Michael Slattery and La Nef: "Dowland in Dublin"
English texts with French translations. ATMA Classique ACD2 2650
The great English composer John Dowland may actually have been Irish, and this entertaining CD takes a Celtic look at the composer’s lute songs, stripping away the complex accompaniments the virtuoso Dowland fashioned and published, and clothing the tunes in whimsical folk garments. It works splendidly, as Dowland’s sturdy melodies stand up well to harmonic refashioning (“Time stands still” is inventively rearranged), and only the stuffiest purist will fail to be delighted and surprised by these versions, especially the medieval drone under “Behold a Wonder Here” and the introduction to “Clear or Cloudy.” A folk-waltz opening unfolds into “Sleep, Wayward Thoughts,” in an unusually rocking and gentle rendition, while a mysterious, slinky introduction gives way to a slow, sexy reading of “Say, love, if ever thou didst find.”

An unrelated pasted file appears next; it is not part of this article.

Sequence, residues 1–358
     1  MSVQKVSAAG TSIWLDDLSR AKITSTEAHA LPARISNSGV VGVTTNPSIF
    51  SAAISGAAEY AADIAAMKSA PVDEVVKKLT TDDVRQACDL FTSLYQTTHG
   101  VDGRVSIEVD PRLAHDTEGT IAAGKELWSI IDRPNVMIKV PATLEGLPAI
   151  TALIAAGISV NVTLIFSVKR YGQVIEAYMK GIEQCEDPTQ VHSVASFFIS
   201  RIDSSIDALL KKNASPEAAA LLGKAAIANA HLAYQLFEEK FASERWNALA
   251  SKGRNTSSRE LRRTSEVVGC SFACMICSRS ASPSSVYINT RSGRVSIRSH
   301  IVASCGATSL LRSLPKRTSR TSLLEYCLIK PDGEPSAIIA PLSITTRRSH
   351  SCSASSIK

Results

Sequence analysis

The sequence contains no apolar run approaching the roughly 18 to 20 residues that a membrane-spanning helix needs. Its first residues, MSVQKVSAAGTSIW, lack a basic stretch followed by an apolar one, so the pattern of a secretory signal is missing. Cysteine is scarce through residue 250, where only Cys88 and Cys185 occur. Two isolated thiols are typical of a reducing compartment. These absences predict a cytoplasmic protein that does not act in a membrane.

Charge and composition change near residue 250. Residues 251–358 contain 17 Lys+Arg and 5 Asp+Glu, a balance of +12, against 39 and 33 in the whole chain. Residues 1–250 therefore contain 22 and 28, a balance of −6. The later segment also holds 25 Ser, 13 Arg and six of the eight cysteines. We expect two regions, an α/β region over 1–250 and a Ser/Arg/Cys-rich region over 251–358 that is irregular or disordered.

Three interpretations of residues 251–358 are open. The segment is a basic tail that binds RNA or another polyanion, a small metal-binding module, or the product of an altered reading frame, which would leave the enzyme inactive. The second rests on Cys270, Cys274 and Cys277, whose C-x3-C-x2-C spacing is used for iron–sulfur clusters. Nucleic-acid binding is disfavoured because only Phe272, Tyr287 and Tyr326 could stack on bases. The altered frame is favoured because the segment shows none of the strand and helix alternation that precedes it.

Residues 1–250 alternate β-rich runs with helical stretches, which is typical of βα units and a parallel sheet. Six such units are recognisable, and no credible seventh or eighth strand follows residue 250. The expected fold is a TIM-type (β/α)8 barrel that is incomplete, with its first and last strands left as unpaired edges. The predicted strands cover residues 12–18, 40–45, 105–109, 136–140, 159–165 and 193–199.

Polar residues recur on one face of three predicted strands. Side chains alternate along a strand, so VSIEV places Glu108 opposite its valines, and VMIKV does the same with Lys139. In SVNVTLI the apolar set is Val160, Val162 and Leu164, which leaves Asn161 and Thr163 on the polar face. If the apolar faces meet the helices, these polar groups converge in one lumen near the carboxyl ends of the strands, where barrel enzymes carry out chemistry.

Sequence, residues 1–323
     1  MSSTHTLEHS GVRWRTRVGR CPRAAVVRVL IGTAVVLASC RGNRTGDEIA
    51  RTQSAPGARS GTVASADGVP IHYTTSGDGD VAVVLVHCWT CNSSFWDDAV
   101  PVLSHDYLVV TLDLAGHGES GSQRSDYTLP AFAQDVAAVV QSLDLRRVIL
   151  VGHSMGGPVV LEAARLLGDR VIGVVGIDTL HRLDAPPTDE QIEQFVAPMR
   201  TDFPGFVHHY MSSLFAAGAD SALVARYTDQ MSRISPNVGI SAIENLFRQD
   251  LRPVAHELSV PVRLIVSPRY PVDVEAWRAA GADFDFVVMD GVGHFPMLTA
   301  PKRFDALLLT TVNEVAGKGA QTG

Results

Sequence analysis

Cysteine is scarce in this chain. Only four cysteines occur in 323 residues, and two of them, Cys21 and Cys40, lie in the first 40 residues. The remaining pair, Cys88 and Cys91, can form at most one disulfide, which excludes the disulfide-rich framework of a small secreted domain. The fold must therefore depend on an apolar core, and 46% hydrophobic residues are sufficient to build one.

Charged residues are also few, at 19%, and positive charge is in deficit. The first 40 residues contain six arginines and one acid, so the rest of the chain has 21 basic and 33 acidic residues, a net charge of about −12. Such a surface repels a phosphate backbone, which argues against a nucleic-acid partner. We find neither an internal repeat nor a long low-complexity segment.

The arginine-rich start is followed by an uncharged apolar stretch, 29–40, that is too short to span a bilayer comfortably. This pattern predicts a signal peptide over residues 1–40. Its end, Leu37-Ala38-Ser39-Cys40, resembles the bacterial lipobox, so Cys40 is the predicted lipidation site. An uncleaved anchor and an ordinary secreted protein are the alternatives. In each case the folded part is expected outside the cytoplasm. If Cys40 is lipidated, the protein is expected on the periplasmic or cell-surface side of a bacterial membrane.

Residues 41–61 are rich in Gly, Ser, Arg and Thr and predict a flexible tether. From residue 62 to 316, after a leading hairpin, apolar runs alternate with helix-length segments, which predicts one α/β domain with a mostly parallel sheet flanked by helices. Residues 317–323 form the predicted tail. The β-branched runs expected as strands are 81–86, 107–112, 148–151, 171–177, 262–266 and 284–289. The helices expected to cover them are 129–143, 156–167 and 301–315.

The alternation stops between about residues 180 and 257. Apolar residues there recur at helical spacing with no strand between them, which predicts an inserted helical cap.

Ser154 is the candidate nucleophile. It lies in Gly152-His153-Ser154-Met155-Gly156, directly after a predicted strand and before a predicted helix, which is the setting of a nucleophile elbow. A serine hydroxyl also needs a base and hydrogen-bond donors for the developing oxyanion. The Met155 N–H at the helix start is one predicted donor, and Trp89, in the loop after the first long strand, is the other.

Tenor Michael Slattery is especially captivating, approaching each song sincerely and creatively (his wistful take on “Me, me and none but me” is gorgeous), with a naturalness that helps maintain the recital’s intimate atmosphere. Slattery’s sweet timbre carries “O sweet woods,” as well as more vigorous songs, such as “A Shepherd in a Shade.” Standard-issue Renaissance instruments including lute, cittern and viola da gamba are joined by a shruti-box (a drone-like bellows instrument commonly heard in Indian music) in fanciful arrangements by Sylvain Bergeron, Seán Dagher and Slattery himself. The Montréal-based early-music group La Nef brings just the right inventive attitude, keeping each tune’s essence and offering several instrumental jams. With a simple open fifth, a rhythmically free look at “His Golden Locks” closes the disc pensively.
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